Monday, August 09, 2010

Poverty law group question TracFone rates

A program in Ohio that gives free cell phone minutes to low income people is drawing the attention of the Ohio Poverty Law Center. The center says that people who use the program get gouged by the service provider TracFone.

From the Columbus Dispatch writer Tim Feran gives us more details about the public records request.

Under the program in question, TracFone Wireless Inc.'s SafeLink service, qualifying Ohioans can get a free cell phone with 68 free minutes to use each month. Once the free time is used, customers are charged 20 cents a minute.

Although that price is roughly the same as what TracFone charges the public under at least one service plan, two groups consider the additional cost excessive.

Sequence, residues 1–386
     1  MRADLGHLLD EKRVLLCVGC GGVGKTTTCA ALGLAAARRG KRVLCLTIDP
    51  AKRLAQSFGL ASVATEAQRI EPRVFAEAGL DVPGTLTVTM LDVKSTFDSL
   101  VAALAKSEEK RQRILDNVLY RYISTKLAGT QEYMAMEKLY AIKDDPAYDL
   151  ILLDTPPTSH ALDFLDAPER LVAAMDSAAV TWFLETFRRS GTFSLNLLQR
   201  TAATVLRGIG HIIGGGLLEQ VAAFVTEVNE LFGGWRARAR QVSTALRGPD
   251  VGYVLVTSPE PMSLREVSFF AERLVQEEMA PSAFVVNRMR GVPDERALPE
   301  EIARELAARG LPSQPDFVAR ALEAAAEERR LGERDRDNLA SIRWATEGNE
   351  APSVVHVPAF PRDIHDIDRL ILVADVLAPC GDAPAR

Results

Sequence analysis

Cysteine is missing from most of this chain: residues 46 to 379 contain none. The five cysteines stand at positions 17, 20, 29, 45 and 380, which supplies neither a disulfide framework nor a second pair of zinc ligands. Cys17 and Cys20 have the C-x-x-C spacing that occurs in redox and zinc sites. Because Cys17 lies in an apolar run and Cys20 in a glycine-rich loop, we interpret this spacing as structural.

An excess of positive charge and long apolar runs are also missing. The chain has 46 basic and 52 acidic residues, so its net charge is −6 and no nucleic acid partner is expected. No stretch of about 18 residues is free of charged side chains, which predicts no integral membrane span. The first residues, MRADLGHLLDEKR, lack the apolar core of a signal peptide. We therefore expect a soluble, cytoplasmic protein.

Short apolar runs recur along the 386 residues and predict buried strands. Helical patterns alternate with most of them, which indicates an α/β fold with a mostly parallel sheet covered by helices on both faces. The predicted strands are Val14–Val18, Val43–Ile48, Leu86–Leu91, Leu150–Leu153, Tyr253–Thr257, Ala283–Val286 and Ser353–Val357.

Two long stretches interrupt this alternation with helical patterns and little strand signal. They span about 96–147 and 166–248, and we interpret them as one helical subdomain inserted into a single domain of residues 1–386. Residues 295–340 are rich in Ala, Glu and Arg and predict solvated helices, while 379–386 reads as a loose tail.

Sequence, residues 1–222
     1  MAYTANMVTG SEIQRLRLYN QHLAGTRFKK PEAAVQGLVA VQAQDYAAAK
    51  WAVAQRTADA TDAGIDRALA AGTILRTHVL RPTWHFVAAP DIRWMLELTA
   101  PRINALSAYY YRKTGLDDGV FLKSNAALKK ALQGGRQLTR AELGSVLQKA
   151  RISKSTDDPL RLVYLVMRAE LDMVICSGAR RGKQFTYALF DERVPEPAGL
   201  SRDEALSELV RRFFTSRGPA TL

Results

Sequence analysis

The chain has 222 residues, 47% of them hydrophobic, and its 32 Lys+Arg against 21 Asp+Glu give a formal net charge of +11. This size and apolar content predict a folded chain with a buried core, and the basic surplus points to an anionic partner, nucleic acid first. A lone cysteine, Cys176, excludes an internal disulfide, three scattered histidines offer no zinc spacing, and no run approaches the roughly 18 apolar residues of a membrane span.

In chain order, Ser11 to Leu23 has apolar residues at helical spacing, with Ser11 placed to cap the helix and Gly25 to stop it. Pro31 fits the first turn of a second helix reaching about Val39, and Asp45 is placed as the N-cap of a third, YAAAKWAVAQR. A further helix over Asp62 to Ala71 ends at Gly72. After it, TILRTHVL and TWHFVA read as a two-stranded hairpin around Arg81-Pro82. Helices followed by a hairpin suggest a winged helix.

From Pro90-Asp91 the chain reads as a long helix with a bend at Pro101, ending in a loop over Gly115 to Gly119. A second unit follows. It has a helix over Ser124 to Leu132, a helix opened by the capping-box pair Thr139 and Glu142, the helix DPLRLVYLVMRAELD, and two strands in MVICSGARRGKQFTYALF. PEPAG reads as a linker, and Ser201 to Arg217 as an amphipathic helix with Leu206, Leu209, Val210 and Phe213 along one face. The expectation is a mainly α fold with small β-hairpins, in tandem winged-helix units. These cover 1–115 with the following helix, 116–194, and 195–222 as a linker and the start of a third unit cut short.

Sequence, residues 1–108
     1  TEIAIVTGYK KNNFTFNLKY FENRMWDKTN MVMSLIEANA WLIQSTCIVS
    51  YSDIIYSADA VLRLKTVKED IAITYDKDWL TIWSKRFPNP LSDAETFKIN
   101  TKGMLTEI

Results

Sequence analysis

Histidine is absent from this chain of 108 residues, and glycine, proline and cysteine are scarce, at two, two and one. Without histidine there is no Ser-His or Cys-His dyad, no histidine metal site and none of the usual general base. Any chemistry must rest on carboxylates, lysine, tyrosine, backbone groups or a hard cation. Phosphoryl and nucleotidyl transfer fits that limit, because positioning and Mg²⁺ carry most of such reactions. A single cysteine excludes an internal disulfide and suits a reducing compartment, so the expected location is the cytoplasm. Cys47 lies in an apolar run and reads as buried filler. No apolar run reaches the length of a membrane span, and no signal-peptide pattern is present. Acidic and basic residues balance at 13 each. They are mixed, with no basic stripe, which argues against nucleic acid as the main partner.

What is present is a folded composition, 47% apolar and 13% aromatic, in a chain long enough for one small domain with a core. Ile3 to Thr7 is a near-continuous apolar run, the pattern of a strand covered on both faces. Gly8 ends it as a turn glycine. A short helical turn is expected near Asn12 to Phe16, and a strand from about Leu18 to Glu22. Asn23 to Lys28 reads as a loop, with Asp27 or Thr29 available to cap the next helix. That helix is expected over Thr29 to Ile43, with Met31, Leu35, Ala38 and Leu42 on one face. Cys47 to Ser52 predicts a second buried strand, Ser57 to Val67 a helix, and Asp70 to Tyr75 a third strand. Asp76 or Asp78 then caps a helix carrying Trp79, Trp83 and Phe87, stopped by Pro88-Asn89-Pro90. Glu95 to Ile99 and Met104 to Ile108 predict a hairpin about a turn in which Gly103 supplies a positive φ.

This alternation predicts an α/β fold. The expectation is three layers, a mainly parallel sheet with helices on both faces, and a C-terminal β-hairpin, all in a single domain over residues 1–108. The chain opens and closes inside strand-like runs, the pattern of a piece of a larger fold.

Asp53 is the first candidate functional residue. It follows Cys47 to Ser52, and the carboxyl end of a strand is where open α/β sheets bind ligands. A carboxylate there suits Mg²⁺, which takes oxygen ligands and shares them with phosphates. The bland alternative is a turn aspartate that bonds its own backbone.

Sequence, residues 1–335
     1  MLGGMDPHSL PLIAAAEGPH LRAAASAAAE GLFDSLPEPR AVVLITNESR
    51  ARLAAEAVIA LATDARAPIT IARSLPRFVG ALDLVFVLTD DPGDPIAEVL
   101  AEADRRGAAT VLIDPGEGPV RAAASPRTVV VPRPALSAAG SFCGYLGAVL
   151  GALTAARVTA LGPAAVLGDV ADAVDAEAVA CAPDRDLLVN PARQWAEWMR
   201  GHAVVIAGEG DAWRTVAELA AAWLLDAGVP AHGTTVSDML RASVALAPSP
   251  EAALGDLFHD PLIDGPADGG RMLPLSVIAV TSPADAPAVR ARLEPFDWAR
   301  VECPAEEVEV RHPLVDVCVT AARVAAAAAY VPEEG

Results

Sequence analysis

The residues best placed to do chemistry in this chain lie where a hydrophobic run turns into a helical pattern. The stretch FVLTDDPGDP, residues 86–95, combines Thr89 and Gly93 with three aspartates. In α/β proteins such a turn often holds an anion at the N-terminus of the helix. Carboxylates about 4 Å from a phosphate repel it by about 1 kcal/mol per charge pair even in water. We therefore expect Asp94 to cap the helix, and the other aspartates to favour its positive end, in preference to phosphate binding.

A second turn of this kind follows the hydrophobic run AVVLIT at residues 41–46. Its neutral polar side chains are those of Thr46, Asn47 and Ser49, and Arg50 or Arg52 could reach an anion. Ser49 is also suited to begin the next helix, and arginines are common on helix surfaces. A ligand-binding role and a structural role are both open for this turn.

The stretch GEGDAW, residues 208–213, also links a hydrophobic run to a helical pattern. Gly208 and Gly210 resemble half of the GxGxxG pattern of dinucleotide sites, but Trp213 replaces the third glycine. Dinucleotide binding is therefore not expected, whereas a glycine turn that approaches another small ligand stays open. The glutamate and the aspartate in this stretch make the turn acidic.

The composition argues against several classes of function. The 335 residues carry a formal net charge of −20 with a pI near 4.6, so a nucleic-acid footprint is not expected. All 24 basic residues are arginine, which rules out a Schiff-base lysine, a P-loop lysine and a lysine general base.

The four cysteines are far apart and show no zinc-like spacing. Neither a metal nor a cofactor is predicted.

Lawyers for Ohio Poverty Law Center and Advocates for Basic Legal Equality Inc./Western Ohio filed a public-records request with the Public Utilities Commission of Ohio last week to find out how many people exceed the 68 minutes and by how much.

The PUCO estimates that about 555,000 customers are using the Lifeline Assistance Program designed for low-income residents in Ohio. Slightly more than half use the wireless service option, with the rest using a landline-based service.

State consumer advocates have worried from the beginning of the Lifeline cell-phone program that customers almost inevitably would need time beyond the 68 free minutes, especially because the cell phone would be used as the primary phone line.

"In one or two other states, they're offering 200 minutes," said Michael Smalz, staff attorney for the poverty law center. "There's no explanation why they're offering such a terrible deal in Ohio."

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